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Three syntheses of the architecturally complex, cytotoxic marine macrolide (+)-spongistatin 1 (1) are reported. Highlights of the first-generation synthesis include: use of a dithiane multicomponent linchpin coupling tactic for construction of the AB and CD spiroketals, and their union via a highly selective Evans boron-mediated aldol reaction en route to an ABCD aldehyde; introduction of the C(44)–C(51) side chain via a Lewis acid-mediated ring opening of a glucal epoxide with an allylstannane to assemble the EF subunit; and final fragment union via Wittig coupling of the ABCD and EF subunits to form the C(28)–C(29) olefin, followed by regioselective Yamaguchi macrolactonization and global deprotection. The second- and third- generation syntheses, designed with the goal of accessing one gram of (+)-spongistatin 1 (1), maintain both the first-generation strategy for the ABCD aldehyde and final fragment union, while incorporating two more efficient approaches for construction of the EF Wittig salt. The latter combine the original chelation-controlled dithiane union of the E- and F-ring progenitors with application of a highly efficient cyanohydrin alkylation to append the F-ring side chain, in conjunction with two independent tactics to access the F-ring pyran. The first F-ring synthesis showcases a Petasis-Ferrier union/rearrangement protocol to access tetrahydropyrans, permitting the preparation of 750 mgs of the EF Wittig salt, which in turn was converted to 80 mg of (+)-spongistatin 1, while the second F-ring strategy, incorporates an organocatalytic aldol reaction as the key construct, permitting completion of 1.009 g of totally synthetic (+)-spongistatin 1 (1). A brief analysis of the three syntheses alongside our earlier synthesis of (+)-spongistatin 2 is also presented.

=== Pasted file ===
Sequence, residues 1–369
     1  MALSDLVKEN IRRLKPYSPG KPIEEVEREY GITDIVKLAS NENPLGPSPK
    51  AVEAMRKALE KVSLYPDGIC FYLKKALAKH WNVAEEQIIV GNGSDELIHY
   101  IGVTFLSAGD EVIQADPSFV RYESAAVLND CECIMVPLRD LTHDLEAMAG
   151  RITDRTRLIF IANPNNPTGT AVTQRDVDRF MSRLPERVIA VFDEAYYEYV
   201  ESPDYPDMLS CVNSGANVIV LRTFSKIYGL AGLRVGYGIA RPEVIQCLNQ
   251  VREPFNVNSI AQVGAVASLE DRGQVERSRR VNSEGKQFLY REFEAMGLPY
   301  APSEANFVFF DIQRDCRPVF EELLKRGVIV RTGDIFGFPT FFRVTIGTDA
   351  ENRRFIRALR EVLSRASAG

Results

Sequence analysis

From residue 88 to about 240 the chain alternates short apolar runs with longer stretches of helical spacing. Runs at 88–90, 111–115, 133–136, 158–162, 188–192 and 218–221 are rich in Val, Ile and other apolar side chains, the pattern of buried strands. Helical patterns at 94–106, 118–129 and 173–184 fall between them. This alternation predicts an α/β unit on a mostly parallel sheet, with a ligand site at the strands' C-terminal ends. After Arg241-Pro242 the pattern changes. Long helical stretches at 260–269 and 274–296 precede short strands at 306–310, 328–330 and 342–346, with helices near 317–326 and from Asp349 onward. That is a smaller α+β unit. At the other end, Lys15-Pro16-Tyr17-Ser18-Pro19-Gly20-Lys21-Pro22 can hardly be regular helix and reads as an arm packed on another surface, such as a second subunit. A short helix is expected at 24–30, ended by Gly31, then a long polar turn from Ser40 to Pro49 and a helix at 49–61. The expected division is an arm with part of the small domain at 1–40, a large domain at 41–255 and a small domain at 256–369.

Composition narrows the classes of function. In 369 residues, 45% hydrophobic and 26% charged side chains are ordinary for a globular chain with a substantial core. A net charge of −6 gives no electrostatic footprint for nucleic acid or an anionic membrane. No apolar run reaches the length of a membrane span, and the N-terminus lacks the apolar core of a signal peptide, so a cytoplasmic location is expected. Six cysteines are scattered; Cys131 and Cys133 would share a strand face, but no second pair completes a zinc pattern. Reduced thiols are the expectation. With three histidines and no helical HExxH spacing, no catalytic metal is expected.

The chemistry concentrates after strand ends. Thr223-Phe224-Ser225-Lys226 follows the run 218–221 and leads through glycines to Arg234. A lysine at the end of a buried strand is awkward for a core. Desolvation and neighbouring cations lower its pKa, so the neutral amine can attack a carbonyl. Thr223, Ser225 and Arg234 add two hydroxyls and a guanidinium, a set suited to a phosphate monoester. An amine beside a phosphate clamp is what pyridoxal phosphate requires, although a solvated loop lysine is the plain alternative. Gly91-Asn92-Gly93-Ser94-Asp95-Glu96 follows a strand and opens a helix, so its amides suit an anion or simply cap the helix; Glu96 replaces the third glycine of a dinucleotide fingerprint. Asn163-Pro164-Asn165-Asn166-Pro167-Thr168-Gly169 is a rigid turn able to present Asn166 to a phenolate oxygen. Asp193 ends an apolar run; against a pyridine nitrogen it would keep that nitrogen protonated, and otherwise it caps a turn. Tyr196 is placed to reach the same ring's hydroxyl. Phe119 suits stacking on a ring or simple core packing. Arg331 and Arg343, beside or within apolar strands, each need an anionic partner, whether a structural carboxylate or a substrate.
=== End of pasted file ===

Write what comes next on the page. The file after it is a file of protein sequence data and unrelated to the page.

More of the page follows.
The spongistatin family of marine natural products comprise some of the most potent antimiotic, growth inhibitory substances discovered to date (Scheme 1).1 As such members of this remarkable class hold great potential as exciting new leads for cancer chemotherapy. The extremely low natural abundance of the spongistatins2 however represents a major hurdle for clinical development. Not surprisingly, the potent biological activities and daunting molecular architectures of the spongistatins have attracted considerable interest in both the synthetic and biomedical communities. To date seven total syntheses of representatives of this class of natural products have been achieved.3 While these elegant syntheses have taught much about the intricacies of the chemistry of the spongistatins, to date only the Heathcock report3m,n on spongistatin 2 begins to address the need for sufficient quantities of material for biomedical development.